Calvert County Health Department
Lyme disease is the most common tick-borne disease in Calvert County as well as in Maryland and the United States. Cases of Lyme disease are found throughout the county and are not concentrated in any particular area. Lyme disease is caused by a bacterium Borrelia burgdorferi.
How is it spread?
Lyme disease is caused by the bite of a deer tick, infected with Lyme disease bacteria. The tick is hard to see because of its small size, about the size of a pinhead.
These ticks are most often found from May through October in tall grass, brush and wooded areas. Pets can bring ticks into the house. Mice also carry ticks.
What are the symptoms?
Symptoms usually begin within a month of being infected. In many infected people the tick bite leads to a "bull's eye" inflammation of the skin that has a clear center with a darker outer ring. Other early symptoms include fever, joint and muscle pains, headache and tiredness. Lyme disease may be hard to diagnose because the symptoms often mimic other diseases and lab tests are unreliable. If you think that you or a family member has been infected with Lyme disease, see your health care provider immediately for diagnosis and treatment.
If left untreated, the infection can become chronic, possibly leading to serious disorders of the heart, joints and nervous system.
Is there a vaccine to prevent Lyme disease?
No. A vaccine was available several years ago but was taken off the market by the manufacturer.
How can it be prevented?
- Wear light colored, long sleeved shirts and long pants that you can tuck into your socks or boots when working or walking in areas likely to have ticks.
- Apply insect repellents containing DEET to clothes and exposed skin. DEET can safely be used by adults and children but should be applied according to manufacturer's guidelines to avoid toxicity. Permethrin (an insecticide that kills ticks on contact) can be applied to clothes according to manufacturer's guidelines.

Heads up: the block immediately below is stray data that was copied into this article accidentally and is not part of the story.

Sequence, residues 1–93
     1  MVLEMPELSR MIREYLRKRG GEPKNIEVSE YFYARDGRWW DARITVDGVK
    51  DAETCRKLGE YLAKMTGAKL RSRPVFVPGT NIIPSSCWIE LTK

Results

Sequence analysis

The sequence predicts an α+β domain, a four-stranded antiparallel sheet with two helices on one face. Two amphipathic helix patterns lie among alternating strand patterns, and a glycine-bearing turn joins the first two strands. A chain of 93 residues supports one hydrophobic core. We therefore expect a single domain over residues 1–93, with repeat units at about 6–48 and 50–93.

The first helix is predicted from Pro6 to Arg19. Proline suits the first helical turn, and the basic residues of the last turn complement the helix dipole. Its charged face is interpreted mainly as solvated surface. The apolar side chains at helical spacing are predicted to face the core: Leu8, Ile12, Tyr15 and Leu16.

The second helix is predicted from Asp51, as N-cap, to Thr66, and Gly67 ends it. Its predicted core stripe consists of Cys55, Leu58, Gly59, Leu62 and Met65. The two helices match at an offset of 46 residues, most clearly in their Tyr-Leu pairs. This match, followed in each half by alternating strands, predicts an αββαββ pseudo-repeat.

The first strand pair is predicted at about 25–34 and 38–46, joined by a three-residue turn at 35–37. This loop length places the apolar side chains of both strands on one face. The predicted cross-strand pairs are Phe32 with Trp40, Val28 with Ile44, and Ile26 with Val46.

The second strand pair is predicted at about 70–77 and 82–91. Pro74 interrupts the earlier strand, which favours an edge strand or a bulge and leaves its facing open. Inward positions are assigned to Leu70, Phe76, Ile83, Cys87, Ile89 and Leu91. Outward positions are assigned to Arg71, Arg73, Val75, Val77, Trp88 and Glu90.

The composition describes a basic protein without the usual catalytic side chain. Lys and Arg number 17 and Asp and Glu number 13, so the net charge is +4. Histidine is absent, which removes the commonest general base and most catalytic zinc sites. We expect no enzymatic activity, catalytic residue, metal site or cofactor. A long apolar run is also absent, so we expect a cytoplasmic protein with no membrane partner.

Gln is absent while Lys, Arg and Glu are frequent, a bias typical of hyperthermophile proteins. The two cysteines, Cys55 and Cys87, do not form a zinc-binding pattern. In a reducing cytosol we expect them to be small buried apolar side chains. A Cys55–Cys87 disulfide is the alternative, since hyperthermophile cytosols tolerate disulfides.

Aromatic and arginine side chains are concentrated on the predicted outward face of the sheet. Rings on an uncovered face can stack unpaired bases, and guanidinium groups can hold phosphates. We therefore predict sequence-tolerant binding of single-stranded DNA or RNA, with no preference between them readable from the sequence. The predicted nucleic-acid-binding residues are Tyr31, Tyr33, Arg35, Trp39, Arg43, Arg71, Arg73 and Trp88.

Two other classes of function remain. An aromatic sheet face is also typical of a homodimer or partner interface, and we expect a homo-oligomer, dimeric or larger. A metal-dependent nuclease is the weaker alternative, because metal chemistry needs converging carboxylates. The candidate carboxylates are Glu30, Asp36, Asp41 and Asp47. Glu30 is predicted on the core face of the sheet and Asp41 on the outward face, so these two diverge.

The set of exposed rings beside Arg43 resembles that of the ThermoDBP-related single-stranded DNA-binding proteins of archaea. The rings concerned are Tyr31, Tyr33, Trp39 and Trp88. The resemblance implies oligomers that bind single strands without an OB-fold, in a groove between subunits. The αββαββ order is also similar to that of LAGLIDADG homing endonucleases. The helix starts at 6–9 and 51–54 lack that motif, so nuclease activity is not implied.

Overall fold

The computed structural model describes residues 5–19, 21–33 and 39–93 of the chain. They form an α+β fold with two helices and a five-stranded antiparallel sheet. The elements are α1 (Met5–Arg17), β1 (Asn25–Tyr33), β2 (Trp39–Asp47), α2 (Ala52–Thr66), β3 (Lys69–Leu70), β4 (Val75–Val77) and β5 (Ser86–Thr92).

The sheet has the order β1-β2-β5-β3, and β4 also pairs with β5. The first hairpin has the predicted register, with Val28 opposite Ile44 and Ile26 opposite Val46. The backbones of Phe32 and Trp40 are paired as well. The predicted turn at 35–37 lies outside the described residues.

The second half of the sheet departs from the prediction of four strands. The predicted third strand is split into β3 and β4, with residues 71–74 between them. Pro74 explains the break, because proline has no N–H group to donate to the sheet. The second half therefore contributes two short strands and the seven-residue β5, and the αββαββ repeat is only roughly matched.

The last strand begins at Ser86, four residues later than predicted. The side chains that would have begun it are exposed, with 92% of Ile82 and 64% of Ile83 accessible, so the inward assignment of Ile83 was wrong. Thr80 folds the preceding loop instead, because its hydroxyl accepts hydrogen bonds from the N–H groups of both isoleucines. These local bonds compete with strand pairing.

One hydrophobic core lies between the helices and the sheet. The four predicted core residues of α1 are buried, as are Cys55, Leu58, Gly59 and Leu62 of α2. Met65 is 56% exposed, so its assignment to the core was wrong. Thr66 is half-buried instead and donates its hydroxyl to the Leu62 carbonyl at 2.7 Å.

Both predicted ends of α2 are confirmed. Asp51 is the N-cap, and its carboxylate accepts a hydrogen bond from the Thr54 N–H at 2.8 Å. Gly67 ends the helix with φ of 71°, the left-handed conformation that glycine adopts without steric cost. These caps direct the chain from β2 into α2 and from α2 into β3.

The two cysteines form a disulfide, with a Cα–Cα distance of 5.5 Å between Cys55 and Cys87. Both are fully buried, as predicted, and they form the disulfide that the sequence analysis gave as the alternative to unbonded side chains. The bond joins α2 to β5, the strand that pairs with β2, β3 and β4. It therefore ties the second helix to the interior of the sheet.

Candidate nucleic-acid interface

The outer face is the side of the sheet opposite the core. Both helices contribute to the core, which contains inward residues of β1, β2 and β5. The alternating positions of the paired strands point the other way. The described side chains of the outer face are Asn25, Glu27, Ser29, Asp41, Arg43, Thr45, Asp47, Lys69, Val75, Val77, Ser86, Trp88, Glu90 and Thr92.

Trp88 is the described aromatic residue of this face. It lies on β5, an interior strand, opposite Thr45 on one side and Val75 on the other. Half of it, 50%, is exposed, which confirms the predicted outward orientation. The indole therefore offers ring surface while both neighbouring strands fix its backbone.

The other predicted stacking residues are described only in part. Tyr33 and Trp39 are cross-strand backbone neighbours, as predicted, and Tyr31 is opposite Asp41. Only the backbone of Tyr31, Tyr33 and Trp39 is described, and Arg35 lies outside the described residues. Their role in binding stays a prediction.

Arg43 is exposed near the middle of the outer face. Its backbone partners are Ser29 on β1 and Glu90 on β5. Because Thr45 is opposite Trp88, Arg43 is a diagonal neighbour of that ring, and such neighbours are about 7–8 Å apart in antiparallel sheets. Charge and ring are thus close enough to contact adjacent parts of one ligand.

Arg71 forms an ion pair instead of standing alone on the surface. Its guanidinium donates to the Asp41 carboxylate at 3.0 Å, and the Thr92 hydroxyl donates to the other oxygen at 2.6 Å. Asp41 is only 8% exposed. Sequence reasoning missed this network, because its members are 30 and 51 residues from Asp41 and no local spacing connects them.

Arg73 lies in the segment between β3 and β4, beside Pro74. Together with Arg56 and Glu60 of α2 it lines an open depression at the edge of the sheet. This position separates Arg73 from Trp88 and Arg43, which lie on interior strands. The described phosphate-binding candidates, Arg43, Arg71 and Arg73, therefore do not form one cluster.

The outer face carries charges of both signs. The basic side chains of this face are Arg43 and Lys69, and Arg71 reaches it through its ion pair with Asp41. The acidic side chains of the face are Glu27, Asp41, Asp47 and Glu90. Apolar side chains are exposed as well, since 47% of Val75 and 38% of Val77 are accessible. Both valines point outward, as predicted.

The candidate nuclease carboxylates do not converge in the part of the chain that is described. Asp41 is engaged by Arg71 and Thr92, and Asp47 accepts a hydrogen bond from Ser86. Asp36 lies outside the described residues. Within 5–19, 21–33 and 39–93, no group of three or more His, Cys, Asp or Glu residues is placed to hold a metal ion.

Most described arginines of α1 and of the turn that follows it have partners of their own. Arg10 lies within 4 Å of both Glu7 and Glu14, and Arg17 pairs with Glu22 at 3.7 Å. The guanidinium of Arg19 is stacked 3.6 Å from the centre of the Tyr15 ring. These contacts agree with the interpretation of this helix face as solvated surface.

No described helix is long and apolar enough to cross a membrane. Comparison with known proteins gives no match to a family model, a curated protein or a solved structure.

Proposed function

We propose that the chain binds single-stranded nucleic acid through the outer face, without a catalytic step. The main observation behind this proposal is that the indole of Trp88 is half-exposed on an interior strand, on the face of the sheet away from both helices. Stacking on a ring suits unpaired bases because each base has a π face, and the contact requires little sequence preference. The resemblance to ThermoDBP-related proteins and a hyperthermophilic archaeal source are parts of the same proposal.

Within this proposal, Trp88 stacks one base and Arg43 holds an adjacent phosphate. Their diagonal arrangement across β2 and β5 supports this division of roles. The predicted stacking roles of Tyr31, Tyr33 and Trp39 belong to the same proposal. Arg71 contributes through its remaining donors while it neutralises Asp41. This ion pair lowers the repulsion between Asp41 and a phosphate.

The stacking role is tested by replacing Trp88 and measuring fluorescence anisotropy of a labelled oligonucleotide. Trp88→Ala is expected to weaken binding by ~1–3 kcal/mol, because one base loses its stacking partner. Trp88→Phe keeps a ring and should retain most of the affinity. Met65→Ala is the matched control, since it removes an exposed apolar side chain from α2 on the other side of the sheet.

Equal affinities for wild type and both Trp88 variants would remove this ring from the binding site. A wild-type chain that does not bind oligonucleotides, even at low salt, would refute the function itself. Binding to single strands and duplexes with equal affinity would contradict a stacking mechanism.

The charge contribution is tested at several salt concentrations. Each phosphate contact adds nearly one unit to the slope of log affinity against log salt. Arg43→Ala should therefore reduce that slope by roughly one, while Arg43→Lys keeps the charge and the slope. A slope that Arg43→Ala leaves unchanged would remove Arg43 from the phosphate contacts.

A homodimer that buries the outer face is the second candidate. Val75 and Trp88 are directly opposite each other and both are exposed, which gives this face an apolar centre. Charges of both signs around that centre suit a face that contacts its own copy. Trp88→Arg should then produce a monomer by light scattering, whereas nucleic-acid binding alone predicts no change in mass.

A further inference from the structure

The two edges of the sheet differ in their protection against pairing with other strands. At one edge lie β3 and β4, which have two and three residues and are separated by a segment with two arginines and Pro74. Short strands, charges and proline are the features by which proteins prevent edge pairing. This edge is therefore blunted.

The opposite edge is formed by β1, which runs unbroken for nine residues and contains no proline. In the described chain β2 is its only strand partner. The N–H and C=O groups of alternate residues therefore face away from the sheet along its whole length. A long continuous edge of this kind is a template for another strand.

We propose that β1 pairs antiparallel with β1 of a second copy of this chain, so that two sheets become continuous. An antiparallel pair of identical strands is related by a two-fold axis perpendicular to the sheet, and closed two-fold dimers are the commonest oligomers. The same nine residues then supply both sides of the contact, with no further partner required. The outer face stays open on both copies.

- Perform a tick check daily. (Transmission of Lyme disease is unlikely to occur within the first 36 hours of tick attachment.)
- Remove leaves, brush and tall grass from around your house, pathways and gardens.
- Discourage infestations of mice in or near your home.
What should I do if I find a tick?
- Remove the tick right away.
- Use tweezers to grip the tick behind its head as close to the skin as possible. With a steady motion, pull the tick's body away from the skin and discard the tick in the toilet or down the drain. Wash your hands with soap and water after handling the tick.
- Clean the bite with antiseptic.
- Record the date you found the tick and watch for symptoms for the next 30 days. If a bull's eye" skin inflammation or symptoms develop, call your health care provider immediately.
Tick Identification Program
A Maryland Department of Agriculture (MDA) entomologist will identify ticks submitted by Maryland residents. The entomologist will identify the species, life stage and the degree of engorgement of the tick. The tick will not be tested for pathogens.
The submitter provides demographic information, geographic location (town) of the tick encounter, the date of collection, the host (human, pet, or other), and the anatomic site of attachment. Form and instructions available at: http://phpa.dhmh.maryland.gov/OIDEOR/CZVBD/SitePages/Tick%20Identification.aspx.
For more information on Lyme disease, contact the Calvert County Health Department, Disease Surveillance and Response Unit at 410.535.5400 or 301.855.1353 or visit the following websites:
Maryland Department of Health and Mental Hygiene
Infectious Disease & Environmental Health Administration
Centers for Disease Control and Prevention web site at